Author: Sabrina

Changes in Sam continue their general downhill trend. Nothing major, but the signs are there. Walking just gets harder and harder, requiring more and more support. His voice, which has been a whisper for weeks, is even fainter. He’s sleepy.

He’s still without pain. When I ask if he is happy, he says, “Yes.” He likes having Ben and Abby around more. He likes to come with me to bring the teens to school and pick them up. When I ask if he wants visitors, he says,”Yes.” Every time. I’m trying really hard to control the flow of guests, not because it overwhelms Sam but because if you all come at once then he’s bored for the rest of the day! He wants to eat. All. The. Time. I say, “No,” a lot. “Let’s wait 15 minutes.” He eats a lot of grapes. And watermelon. And blueberries. And the occasional bowl of banana pudding. Thanks to my friend, Susan, we have plenty of that.

Today in addition to a visit from Susan (who walked Chance-thank you. He’s a 71 pound puppy, with puppy-like energy), Mari came over to work on King’s crown, Mrs. Wadlow (Sam’s 2nd grade teacher), and Mrs. Jones (school librarian) came by to say, “Hi,” and finally Rabbi Linda helped us bring in Shabbat.

My mom and dad were here a couple of times today (they live less than a half mile away). Thanks to mom there is not a month’s worth of dog poop in the backyard, I tossed the rotten food in the fridge, and the plastic containers it was in were washed. Maybe tomorrow Sam and I will browse through our Giada books, and create a menu. Then I will make a list and do the shopping.

I gotta give props to the staff at the high school. With my cousin, the English teacher, as their guide they have been kind and generous with my children. The teens feel loved.

As for me, sometimes I feel strong, and sometimes I fall apart. Abby only joined me for the first mile of tonight’s walk, so I was alone on mile two. With no one to talk to but the dog I find myself going to the darkest place possible. Pretty soon I’m walking in the dark, crying. There’s nothing wrong with crying. I know I should be crying now. A lot. But after a mile of crying I don’t want to be alone anymore. Then there was a miracle. Amanda joined me for the last lap and pulled me up out of the darkness. Okay, I’m being dramatic. But it was a relief to talk about something that had been bothering me (someone dumping IN-if you are familiar with the Ring Theory, you know what I mean), instead of just crying alone.

What Ben is doing instead of going to first and second period

Sam seems to be somewhat in the same place. He slept all night, aside from a wake up around 1am to pee, without the help of Benadryl. He walks with assistance, he wants to eat constantly, he gets sleepy but refuses to take a nap, and every few days he poops his pants. He also laughs at our jokes, talks to us (in a whisper, yet on the phone-he speaks), gives hugs, says, and “I love you too.”

After staying up late last night and talking about how shitty it is that Sam, “will never get to study music theory” (Ben’s words), the teens decided to miss periods 1 and 2 (English and Band for both) of school to spend the morning with Sam. The three of them sat on the couch and snuggled while Abby read to Sam, and I felt free to get dressed, wash dishes, and check my email. I suspect this will be a frequent pattern in future days, and doubt Ben and Abby will want to share Sam, so plan your visits for after 10am and before 3pm when you can.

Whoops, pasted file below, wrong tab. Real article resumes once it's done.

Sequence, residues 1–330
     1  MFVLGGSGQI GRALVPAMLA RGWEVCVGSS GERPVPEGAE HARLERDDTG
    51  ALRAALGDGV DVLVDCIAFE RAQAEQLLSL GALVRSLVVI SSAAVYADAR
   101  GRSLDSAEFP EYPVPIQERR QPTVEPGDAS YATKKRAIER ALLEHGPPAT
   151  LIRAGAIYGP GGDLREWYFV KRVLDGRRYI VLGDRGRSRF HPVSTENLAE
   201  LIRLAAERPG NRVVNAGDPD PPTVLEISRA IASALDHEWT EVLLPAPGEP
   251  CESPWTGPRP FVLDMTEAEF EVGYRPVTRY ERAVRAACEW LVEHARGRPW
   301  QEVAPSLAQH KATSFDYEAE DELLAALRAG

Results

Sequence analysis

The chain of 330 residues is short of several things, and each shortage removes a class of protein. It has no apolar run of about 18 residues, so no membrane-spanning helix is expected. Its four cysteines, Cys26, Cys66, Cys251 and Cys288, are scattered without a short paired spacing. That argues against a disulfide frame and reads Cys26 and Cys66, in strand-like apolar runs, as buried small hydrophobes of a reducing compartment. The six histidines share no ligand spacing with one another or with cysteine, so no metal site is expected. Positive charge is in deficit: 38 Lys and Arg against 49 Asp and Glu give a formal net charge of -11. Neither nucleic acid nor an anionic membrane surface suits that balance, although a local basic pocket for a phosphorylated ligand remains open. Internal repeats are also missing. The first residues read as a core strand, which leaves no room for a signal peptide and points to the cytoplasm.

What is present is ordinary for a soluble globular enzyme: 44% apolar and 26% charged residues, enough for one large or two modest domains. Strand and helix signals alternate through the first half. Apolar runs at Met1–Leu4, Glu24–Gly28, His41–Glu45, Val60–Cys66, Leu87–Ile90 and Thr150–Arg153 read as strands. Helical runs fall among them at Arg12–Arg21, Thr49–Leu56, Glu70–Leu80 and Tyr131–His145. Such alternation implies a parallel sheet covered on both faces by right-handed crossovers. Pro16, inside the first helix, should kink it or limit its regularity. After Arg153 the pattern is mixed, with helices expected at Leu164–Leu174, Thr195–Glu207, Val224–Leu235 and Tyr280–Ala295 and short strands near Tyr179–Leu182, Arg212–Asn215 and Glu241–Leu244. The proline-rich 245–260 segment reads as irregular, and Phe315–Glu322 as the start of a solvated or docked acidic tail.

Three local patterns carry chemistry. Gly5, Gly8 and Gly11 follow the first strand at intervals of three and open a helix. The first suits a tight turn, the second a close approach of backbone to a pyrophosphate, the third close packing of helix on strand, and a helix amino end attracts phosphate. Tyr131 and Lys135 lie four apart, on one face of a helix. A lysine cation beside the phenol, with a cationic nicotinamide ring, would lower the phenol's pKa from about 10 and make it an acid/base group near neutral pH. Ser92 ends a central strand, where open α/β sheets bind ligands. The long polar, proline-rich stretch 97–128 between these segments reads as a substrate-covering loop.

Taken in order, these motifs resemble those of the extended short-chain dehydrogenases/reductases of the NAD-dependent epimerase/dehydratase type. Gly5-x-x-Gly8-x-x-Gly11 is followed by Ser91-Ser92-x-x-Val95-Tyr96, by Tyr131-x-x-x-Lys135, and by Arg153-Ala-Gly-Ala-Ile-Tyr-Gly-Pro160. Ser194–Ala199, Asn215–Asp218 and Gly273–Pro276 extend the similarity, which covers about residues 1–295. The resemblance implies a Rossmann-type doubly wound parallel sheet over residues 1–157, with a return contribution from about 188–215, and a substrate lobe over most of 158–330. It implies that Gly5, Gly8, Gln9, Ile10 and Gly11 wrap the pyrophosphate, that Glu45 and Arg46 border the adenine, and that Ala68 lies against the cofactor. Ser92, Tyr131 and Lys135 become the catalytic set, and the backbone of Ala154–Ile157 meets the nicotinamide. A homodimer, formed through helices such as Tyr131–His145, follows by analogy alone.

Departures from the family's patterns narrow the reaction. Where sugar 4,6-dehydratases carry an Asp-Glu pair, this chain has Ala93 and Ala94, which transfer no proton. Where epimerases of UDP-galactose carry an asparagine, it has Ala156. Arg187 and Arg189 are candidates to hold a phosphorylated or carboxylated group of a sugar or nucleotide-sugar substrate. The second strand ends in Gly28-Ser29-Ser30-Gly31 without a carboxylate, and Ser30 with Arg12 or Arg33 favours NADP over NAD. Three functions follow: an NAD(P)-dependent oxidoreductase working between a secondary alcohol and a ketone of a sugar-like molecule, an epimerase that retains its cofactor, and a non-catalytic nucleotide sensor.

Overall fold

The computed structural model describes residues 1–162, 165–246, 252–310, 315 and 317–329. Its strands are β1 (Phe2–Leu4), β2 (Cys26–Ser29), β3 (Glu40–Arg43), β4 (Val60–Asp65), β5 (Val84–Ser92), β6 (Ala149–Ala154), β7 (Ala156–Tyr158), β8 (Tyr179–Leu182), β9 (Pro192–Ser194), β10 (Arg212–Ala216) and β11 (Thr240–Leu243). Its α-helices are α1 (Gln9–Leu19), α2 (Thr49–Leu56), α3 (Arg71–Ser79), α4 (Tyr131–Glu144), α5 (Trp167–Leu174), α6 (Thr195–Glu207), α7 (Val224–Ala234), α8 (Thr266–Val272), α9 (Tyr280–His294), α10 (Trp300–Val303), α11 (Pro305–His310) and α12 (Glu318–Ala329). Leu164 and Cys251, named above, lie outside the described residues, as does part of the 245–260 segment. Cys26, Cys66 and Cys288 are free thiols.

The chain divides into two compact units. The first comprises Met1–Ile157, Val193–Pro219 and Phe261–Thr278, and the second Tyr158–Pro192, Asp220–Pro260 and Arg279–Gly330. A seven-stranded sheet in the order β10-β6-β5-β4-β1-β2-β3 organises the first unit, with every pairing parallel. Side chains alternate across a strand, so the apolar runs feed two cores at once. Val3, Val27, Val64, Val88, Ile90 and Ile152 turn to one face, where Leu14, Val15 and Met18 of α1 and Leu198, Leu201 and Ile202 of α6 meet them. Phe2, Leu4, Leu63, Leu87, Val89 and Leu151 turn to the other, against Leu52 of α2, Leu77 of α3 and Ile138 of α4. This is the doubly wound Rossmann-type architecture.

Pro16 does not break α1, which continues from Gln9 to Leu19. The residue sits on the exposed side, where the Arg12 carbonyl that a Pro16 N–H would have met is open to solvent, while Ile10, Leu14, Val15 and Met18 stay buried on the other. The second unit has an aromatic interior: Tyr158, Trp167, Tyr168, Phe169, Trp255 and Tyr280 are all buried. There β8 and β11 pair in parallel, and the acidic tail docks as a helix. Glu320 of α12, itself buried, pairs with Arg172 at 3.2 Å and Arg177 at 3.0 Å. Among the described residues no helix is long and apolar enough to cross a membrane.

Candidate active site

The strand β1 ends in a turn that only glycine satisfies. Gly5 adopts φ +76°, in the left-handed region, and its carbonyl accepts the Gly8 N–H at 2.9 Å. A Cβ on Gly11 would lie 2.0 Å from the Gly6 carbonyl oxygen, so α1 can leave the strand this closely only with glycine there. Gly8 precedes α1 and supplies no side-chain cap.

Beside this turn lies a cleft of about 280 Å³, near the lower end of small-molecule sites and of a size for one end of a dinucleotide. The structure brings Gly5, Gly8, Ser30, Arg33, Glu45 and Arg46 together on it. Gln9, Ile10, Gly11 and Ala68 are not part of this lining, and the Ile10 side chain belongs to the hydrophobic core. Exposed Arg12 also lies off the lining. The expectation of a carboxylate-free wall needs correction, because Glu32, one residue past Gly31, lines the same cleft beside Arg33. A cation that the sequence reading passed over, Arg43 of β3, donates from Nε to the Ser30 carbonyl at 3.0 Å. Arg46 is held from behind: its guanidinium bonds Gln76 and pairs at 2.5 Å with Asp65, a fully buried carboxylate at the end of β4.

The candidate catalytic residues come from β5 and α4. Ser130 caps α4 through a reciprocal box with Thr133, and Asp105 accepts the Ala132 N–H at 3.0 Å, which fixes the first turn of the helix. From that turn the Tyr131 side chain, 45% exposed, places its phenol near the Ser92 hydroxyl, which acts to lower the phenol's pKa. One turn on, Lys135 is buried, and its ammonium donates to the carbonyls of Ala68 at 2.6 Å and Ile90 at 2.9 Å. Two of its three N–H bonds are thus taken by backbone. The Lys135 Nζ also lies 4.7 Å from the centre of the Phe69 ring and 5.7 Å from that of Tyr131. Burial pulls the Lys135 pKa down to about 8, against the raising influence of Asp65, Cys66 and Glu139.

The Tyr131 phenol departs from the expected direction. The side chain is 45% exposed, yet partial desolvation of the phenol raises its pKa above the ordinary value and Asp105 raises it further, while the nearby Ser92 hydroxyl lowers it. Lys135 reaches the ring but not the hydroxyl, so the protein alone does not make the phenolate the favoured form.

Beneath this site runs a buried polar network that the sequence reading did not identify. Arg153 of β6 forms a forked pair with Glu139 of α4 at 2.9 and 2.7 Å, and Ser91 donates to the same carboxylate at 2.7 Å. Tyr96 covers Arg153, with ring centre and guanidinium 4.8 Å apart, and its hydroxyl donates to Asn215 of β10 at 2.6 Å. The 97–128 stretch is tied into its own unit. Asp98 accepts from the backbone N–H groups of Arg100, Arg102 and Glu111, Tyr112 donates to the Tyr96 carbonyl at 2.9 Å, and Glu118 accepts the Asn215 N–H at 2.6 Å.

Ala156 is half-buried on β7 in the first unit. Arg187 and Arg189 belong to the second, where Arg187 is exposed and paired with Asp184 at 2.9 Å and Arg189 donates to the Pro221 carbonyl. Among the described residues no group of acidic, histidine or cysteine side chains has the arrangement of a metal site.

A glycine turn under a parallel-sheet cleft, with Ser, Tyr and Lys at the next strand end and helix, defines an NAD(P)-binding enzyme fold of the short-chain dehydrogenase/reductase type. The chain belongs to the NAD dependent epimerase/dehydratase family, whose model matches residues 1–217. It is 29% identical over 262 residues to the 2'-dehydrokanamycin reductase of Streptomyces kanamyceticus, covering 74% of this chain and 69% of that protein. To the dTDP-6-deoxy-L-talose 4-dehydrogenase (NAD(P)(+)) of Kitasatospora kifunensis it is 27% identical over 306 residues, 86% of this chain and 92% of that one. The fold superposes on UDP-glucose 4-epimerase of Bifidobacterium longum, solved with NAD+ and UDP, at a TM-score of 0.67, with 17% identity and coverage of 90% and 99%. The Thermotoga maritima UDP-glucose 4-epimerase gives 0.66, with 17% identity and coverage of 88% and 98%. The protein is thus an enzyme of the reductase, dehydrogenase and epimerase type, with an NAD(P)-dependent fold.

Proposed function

Sam and I had visitors throughout the late morning and early afternoon. Chance went for walk (jog, run?) with two gorgeous ladies who are sisters at heart. Sam loved the company; he is never overwhelmed and I appreciate that everyone puts up with Chance’s barking and sniffing.

I am terribly proud of how Ben and Abby are learning to ask for what they need and think for themselves. Early this morning they both emailed the teachers whose classes they’d be missing. In fact, Abby went to see one teacher at lunch to find out what she missed. After school Ben decided to skip band practice to hang out with Sam. Once Sam went to bed, Ben worked on homework, and then walked (and talked, and cried) with me for an hour. Abby chose to go to band practice. I know that was hard for her because it wasn’t what Ben did, and she tends to follow him. During practice at the high school, about 4 miles from home, she heard sirens, panicked and sent me a text to see if Sam was ok. We have much to work on, I guess.

A totem from 2 years ago.

Well, Benadryl works, doesn’t it? I had no idea. Sam was up at 12:45 this morning, and 1:45, and then I dosed him with Benadryl. In spite of the dog’s incessant whining at 4:30, and the din of an enormous truck BACKING UP down the street at 5:30, he slept until a little after 6.

We had a nice morning with more visitors than we expected, and then he got really sleepy around mid-day and it just made me feel so sad. Helping him walk makes me sad. Helping him down into his chair and up from his chair makes me sad. Lifting him into bed and out of bed makes me sad.

I want to be happy that he’s here. He’s awake. He communicates (yes, it’s a whisper, but still he can communicate). He uses the toilet. He eats. He drinks. He says I love you. He gives hugs. He is not in pain. So many things to appreciate.

As for the teens, we are sorting them out. I discussed my concerns with their counselor, and with the help of my cousin, who happens to teach English at the same high school, we will get them the support and time with Sam they need. However they choose-they can come in late, leave early, get more time for homework, skip practice, and they can even hang out in Mr. Anderson’s office in the middle of the day if they just need to have a moment.